The Troubles with Us : One Belfast Girl on Boys, Bombs and Finding Her Way
'Derry Girls meets David Sedaris' Elske Rahill
'The writing is full of energy and originality' Irish Times
Growing up on the Falls Road in 1990s Belfast, Alix O'Neill has seen it all - burnt-out buses blocking the route to school, the police mistaking her father for a leading terrorist and a classmate playing hide and seek with her dad's prosthetic hand (blown off making a device for the IRA). Not that she or her friends are up to speed with the goings-on of the resistance. They're too preoccupied with the obsessions of every teenage girl - booze, boys and Boyzone - to worry about the violence on their doorstep. Besides, the odd coffee jar bomb is nothing compared to the drama about to explode in Alix's personal life.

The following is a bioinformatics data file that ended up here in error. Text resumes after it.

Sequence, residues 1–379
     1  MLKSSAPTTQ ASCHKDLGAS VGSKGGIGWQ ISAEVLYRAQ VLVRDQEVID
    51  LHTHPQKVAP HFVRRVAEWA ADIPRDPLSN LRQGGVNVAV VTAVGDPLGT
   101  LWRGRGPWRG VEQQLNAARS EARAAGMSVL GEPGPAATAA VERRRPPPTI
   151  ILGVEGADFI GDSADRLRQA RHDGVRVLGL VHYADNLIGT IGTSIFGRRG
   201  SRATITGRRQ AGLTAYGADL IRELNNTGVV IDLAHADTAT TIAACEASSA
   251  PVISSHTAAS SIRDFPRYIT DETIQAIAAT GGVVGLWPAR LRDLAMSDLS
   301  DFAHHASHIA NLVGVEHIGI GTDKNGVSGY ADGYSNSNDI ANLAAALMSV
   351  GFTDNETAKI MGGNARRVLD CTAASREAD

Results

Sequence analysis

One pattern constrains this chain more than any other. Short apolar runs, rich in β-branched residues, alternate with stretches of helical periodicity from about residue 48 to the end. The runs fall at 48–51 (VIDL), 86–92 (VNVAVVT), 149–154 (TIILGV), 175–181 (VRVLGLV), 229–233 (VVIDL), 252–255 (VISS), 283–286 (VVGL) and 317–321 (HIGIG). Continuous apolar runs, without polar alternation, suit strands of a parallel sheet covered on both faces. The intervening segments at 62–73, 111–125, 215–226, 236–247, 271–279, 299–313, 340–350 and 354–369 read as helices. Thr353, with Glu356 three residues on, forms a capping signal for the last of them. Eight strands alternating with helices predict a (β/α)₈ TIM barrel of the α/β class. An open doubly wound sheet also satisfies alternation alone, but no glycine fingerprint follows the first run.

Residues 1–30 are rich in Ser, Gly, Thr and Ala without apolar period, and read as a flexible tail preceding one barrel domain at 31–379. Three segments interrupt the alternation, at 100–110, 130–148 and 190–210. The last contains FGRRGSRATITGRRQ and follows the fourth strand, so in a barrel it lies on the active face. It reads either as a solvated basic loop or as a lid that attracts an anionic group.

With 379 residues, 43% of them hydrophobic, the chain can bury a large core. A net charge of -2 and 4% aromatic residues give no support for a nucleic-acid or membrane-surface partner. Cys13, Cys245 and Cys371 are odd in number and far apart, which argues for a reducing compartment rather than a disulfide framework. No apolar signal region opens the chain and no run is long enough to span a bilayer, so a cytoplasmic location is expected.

Desperate to leave Northern Ireland and the trials of her mother's unorthodox family - a loving yet eccentric band of misfits - behind, she makes grand plans for the next stage. But it's through these relationships and their gradual unravelling that Alix begins to appreciate not only the troubled history of where she comes from, but the strength of its women.
Warm, embarrassing and full of love and insight, The Troubles with Us is a hilarious and moving account of the madness and mundanities of life in Northern Ireland during the thirty-year conflict. It's a story of mothers and daughters, the fallout from things left unsaid and the lengths a girl will go to for fake tan.